And, seemingly out of nowhere, I stumbled on Dr. Laura’s show and things started to become clear to me.

After listening to a few of the therapist’s segments, I started to understand the priceless job of being a SAHM and how much more gratifying the payoff was to spend time with my children; learn to make my house a home; learn to cook, and then also realized what a selfless man I’d married who was willing and able to give us what we needed… and more.

Yup. I totally drank the Dr. Laura cool aid, and it didn’t kill me.

Quite the opposite. I began a new life, one with new meaning and purpose.

I gradually stopped working and reduced my hours to part time. Then, I worked less outside the home and started to do more inside. And it was nice – not easy, but very nice.

Instead of focusing my energy on what I was not accomplishing for myself, I focused on nurturing and educating my kids. I actually realized how my education and travels had settled me to where I wasn’t yearning to go ‘find myself’. I had done it all. I could confidently think to myself ‘been there, done that’ to a lot of experiences others were yet to go through. All I could think of was, ‘I’m glad I got that out of my system when I was young and single’.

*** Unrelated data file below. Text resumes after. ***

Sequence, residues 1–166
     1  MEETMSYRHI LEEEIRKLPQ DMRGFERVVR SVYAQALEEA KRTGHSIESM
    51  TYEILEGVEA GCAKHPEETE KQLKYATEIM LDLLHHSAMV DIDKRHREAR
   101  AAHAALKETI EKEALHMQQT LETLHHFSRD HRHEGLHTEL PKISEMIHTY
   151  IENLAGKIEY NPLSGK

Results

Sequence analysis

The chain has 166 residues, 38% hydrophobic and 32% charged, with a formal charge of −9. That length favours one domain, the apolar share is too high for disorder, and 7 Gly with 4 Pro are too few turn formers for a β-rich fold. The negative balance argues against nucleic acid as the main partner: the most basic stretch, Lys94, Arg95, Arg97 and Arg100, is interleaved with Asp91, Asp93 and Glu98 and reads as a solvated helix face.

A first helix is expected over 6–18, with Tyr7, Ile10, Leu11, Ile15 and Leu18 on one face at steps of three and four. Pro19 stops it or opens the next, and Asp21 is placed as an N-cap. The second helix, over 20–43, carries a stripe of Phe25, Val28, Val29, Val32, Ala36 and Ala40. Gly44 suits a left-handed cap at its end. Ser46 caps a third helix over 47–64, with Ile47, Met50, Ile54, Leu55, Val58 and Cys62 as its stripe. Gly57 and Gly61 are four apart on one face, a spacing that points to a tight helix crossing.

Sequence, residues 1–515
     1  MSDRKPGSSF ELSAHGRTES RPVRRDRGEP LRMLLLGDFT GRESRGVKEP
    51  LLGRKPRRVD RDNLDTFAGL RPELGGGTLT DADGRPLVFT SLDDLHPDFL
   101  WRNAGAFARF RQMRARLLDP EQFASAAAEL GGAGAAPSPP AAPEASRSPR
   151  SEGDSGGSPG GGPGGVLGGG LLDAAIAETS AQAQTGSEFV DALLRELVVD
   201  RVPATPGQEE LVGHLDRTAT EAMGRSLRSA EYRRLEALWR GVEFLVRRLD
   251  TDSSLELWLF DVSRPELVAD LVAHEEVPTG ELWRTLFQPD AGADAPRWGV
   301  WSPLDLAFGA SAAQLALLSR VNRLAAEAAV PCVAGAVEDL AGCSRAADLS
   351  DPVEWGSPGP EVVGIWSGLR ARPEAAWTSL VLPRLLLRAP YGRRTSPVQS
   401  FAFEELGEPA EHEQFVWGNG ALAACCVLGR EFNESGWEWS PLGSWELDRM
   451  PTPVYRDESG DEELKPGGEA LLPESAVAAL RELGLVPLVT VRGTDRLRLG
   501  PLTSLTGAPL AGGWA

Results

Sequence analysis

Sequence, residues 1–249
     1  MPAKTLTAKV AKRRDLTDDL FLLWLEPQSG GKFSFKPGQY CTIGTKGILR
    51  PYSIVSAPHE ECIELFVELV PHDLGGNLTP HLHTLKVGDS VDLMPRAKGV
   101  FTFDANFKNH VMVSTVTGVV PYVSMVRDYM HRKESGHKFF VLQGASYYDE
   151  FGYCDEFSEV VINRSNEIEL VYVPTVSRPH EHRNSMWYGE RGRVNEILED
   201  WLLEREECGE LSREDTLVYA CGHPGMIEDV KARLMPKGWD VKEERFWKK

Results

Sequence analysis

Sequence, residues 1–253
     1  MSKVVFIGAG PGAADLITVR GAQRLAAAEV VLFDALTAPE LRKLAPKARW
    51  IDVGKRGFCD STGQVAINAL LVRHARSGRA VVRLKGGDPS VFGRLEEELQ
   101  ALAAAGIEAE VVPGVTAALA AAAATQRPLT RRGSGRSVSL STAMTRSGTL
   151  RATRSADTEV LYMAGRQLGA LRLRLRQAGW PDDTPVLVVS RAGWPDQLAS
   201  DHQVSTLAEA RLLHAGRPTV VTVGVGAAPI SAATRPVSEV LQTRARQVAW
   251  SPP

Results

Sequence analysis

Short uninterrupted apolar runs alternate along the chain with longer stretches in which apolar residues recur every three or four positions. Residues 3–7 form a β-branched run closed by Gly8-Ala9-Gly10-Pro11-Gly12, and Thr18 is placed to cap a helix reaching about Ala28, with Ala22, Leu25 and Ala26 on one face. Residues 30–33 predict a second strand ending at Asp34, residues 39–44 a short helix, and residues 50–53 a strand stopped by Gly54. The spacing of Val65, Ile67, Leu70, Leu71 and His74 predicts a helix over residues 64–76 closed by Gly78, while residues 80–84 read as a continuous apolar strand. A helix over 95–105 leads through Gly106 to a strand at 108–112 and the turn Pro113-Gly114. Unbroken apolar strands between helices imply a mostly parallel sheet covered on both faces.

Going down new roads has its bumps and detours. But, when I came across the fork in my road to have a job or create a family and carefully keep it together while giving myself to it has been the best choice I’ve made in long time. 20 years to be exact, which is the number of years I’ve been shining my knight’s armor! (Get your minds out of the gutter people!)

So, thank you Dr. Laura. This family will miss you.


  1. Anonymous says:

    Suzette, Dr. Laura's job is to be a shock jock, and bitchy as she can come off (and it is OK to not agree with all of her “answers” for everyone OR her sauciness) she gives folks solid and sound solutions. She might prescribe them as the “right” (seemingly only) way, but often her solutions really resonat. While I would much like the show better if she were softer with her guests, I still think she is brilliant.